Comics: Rough Riders: Ride Or Die #3 - Reviewed

We review Ride or Die #3

Rough Riders: Ride or Die #3 continues a new tale in AfterShock’s Rough Riders series, which is about a group of American legends who team up to save America from some of its greatest and otherworldly threats. The group consists of Teddy Roosevelt, Annie Oakley, Thomas Edison, Jack Johnson, Harry Houdini, and Monk Eastman. Ride or Die is like a twisted combination of The League of Extraordinary Gentleman and Constantine, pitting these iconic individuals against the darkest of supernatural elements.

In Ride or Die, the group joins back up after a supernatural entity was unleashed upon the world during a seance. The only thing that they knew at the time was that the entity was named “The Master.” Houdini calls the rest of the group back together to investigate and stop what is being unleashed on America. Issue 2 saw them join back up from their individual investigations as they learn a little bit more about what exactly they are dealing with, with a blockbuster reveal on the final splash page.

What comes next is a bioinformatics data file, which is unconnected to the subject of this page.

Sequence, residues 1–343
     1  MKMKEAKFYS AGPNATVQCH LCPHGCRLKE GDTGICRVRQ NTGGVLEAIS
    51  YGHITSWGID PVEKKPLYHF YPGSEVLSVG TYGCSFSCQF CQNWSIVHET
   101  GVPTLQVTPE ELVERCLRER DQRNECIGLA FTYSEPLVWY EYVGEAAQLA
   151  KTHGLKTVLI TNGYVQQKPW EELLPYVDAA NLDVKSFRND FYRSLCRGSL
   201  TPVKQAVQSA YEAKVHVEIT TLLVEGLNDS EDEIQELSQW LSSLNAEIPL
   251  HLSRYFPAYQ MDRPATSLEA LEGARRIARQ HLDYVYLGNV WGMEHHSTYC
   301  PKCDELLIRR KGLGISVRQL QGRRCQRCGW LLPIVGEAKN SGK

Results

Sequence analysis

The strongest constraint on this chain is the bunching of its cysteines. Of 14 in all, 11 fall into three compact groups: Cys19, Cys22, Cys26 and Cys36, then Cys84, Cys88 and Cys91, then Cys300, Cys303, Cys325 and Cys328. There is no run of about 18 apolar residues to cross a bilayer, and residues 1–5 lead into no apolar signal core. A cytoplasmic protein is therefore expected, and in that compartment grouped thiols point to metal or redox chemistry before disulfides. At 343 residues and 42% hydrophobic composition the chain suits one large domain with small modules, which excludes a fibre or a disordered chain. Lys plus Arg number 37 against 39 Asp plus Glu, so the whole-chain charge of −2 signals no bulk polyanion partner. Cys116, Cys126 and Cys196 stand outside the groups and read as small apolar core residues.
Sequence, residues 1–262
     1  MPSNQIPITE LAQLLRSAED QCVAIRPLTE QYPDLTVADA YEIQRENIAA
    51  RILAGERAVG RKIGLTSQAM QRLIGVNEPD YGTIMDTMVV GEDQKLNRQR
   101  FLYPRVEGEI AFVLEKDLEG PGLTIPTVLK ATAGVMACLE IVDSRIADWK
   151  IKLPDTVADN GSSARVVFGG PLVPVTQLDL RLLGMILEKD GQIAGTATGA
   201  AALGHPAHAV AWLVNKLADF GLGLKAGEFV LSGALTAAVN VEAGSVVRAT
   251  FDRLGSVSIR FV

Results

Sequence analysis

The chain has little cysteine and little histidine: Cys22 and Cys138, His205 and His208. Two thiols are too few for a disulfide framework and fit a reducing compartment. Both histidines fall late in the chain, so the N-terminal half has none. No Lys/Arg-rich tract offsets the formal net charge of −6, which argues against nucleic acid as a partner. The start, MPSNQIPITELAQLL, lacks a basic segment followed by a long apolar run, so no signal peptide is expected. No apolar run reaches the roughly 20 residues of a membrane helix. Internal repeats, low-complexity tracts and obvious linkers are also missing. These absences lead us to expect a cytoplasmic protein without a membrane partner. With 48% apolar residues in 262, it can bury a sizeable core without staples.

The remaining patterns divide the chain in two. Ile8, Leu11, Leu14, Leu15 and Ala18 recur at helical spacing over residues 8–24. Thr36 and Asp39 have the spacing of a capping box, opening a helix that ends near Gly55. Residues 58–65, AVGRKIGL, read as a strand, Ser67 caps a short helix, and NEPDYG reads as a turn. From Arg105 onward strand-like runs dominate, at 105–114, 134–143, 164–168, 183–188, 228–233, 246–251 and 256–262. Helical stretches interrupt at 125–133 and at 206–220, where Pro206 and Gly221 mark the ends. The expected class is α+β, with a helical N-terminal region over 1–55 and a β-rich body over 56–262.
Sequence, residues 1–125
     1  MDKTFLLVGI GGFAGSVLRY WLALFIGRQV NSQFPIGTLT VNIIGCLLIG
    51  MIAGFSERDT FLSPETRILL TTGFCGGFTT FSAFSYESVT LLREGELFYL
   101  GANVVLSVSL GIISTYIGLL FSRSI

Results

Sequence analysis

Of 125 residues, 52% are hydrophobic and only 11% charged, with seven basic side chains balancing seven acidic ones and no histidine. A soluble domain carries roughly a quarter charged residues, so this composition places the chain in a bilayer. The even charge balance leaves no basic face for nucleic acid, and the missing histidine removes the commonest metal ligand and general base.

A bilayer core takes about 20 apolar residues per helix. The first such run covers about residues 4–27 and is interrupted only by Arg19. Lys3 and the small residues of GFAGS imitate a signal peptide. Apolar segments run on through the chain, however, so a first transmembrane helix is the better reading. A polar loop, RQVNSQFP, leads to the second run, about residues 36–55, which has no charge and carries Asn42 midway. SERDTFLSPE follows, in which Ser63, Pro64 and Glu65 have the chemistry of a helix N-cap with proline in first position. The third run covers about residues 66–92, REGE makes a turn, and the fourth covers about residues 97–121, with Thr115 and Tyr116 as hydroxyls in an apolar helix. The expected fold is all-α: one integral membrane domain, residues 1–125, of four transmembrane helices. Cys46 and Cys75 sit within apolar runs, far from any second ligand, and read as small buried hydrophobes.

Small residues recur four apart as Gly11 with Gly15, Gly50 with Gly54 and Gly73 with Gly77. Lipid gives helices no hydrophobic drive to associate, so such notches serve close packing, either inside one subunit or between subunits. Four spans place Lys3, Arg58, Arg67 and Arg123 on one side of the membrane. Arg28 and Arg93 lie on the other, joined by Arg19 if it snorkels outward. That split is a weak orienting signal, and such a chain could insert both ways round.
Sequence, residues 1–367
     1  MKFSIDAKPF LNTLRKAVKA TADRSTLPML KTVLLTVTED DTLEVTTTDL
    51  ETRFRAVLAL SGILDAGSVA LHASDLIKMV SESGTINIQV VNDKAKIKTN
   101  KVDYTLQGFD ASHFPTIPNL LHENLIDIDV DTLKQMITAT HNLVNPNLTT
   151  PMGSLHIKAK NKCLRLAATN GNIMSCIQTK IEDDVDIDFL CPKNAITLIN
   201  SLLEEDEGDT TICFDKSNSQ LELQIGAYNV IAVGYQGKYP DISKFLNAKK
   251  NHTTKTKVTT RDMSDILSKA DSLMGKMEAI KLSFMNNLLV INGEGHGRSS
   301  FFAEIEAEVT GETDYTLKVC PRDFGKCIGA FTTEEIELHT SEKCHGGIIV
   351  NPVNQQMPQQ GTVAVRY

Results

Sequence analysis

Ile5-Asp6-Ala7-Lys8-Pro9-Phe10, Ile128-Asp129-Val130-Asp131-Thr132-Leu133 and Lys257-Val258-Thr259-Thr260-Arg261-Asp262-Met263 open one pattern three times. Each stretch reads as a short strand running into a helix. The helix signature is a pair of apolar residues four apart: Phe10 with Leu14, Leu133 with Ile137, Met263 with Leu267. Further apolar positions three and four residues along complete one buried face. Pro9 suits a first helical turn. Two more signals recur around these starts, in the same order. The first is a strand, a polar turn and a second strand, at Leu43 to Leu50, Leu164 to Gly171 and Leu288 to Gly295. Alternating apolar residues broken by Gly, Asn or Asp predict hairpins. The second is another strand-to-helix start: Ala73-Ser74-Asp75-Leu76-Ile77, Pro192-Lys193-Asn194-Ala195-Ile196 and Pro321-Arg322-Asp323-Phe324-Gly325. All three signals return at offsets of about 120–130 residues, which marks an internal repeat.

Issue 3 sees H.P. Lovecraft propose a rather dire step in order to obtain some much needed information about why one of the legendary Dutch Bokkenrijders has returned to settle a score with a member of the group. Houdini volunteers for this dangerous and possibly deadly assignment, with Jack Johnson staying by his side, while the rest of the group try to follow the Army of the Dead. There is some action and gore in this issue, but its main focus is revealing the events of the past that led to the Bokkenrijders desire for revenge. There is a great deal of supernatural elements in play as it continues to resemble the likes of the Army of Darkness books and other zombie/evil entity themed horror books. The group still has unresolved issues with each other and it shows in how they talk and react with one another, which makes for some good banter. Once again, the final splash page is simply outstanding and will have readers clamoring for the finale.

The art from Patrick Olliffe continues to deliver and is simply superb, embodying the gothic look of the era. It is full of heavy black shading, intricate details, linework and hatching. Olliffe displays painstaking detail in the real-life characters, as well as the overall facial gestures and body movements of everyone portrayed in the book. There are several excellent splash pages that are both "electrifying" and gore-filled, as well as some terrific horror and demonic panels. The colors from Gabe Eltaeb continue to perfectly compliment the time period and embody what you would normally expect to see in a horror comic. Specifically in this issue, there are certain panels in which the colors make the artwork really pop.

With only one issue left in Ride or Die, I'm really looking forward to seeing how the group manages to save the world and stay alive.